The 4th of July is synonymous with patriotism. Tomorrow, all over the country, Americans will congregate to spend time with family and friends, barbecue, watch fireworks, and celebrate our nation's independence. Many will recite the pledge of allegiance or sing the national anthem. Wouldn't it be appropriate for the large corporations that were founded in the United States to show a similar acknowledgement of patriotism?
After all, these corporations rose to their enormous size on the backs of American workers. Their success can be attributed to taxpayer-subsidized research and development handouts. Not to mention those corporations that rushed to Washington D.C. for huge bailouts from the taxpayers when mismanagement or corruption got them into serious trouble.
How do these companies show their gratitude to their home country? Many of them send jobs overseas to dictatorial regimes and oligarchic societies who abuse their impoverished workers -- all in the name of greater profits. Meanwhile, back home, corporate lobbyists continue to press for more privileges and immunities so as to be less accountable under U.S. law for corporate crimes and other misbehaviors.
In a survey conducted by the Center for Study of Responsive Law, twenty of the largest unions and twenty of the largest U.S. Chartered corporations were asked the following simple question on three separate occasions:
Do you think it desirable to have your CEO and/or your president at your annual shareholders meetings stand up on the stage and, in the name of your company (not your diverse board of directors), pledge allegiance to our flag that is completed by the ringing phrase "with liberty and justice for all?"
In this survey, nine of the twenty unions replied that they do "pledge allegiance to the flag ...with liberty and justice for all" or, as a substitute, sing the national anthem.
Only two of the twenty corporations -- Chevron and Walmart -- responded with an explanation of their company's view of patriotism, but declined to respond directly to the question. Some of the companies that chose not to respond are: Apple, GE, GM, Verizon, J.P. Morgan Chase and Co., AT&T, Ford, ExxonMobil, Bank of America and others.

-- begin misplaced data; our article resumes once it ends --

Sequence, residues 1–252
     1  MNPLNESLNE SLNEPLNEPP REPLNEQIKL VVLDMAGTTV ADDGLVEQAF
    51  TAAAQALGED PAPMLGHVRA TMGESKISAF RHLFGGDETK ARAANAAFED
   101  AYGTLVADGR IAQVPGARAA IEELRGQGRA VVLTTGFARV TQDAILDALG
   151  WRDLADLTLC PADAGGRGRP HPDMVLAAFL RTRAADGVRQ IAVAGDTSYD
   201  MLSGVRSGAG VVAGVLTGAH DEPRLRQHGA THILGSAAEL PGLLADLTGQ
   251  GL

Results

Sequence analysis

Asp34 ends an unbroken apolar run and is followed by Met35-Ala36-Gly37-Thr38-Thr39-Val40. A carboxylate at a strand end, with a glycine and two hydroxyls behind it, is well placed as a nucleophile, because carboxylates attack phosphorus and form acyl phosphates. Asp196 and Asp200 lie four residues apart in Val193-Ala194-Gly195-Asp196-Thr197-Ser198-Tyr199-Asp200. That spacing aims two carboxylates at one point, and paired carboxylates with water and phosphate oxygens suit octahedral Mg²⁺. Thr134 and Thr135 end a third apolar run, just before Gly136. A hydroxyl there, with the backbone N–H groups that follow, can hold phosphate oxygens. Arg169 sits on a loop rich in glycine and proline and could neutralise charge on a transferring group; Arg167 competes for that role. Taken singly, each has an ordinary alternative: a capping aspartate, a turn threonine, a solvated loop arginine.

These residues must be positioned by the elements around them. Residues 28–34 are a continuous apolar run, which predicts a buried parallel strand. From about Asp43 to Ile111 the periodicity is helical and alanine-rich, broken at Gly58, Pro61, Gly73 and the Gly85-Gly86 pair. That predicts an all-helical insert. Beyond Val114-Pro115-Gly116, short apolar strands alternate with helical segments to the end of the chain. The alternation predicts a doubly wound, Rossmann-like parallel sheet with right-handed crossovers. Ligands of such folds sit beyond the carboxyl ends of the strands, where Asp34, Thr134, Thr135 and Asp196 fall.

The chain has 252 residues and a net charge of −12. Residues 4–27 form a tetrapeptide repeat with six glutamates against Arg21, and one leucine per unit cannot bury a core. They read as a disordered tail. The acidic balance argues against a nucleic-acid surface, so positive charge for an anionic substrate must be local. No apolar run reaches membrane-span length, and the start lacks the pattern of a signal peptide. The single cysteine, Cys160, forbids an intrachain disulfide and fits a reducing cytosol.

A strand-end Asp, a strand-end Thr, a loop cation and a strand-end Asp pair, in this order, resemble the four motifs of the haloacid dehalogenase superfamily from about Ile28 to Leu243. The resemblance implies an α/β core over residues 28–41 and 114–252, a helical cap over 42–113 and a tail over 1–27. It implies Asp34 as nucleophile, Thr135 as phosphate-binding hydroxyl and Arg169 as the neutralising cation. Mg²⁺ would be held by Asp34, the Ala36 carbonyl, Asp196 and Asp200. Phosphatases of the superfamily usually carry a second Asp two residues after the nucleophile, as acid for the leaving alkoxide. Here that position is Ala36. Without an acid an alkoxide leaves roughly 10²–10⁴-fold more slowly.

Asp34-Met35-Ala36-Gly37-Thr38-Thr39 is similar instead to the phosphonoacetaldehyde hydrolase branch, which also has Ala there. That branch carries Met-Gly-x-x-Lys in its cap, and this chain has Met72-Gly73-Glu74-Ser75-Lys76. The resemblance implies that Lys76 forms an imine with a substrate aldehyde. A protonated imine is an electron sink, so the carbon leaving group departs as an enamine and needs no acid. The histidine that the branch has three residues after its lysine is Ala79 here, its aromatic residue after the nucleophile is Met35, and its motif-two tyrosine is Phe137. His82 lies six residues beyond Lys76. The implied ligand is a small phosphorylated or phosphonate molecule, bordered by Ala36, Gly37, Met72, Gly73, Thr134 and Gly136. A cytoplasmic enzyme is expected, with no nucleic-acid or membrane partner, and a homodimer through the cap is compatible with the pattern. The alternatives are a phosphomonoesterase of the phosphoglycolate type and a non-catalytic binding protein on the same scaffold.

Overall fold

See nader.org for the full list of companies and unions that were sent the letter, including which ones that responded and which did not.
Back in 1996, a similar survey was sent to 100 of the largest chartered corporations. Thirty-four of them responded, and all but one explained why they declined to say the Pledge of Allegiance at their annual shareholders meeting. (Federated Department Stores was the only company that embraced the idea.) Many of the corporations misconstrued the request by explaining that it might offend foreign nationals who might be on their boards of Directors. (The request was crystal clear; it was to have the CEO stand up and pledge allegiance on behalf of their U.S. chartered corporation... ) After all, it's these very CEOs who want their American companies to be treated as "persons" under our constitution in order to retain and expand their powerful privileges and immunities.
In an age of increased jingoism about freedom and American ideals, the comparative yardsticks of patriotism should be applied frequently and meticulously to the large U.S. corporations that rove the world seeking advantages from other countries, to the detriment of the United States. It is our country that chartered them into existence and helped insure their success and survival. And these corporations now wield immense power in our elections, in our economy, over our military and foreign policies, and even in how we spend time with our friends and families.
The 4th of July is an ideal time to call out these runaway corporate giants who exploit the patriotic sensibilities of Americans for profit and, in wars, for profiteering, but decline to be held to any patriotic expectations or standards of their own.
(Autographed copies of my latest book Told You So: The Big Book of Weekly Columns are available at Told-You-So.com)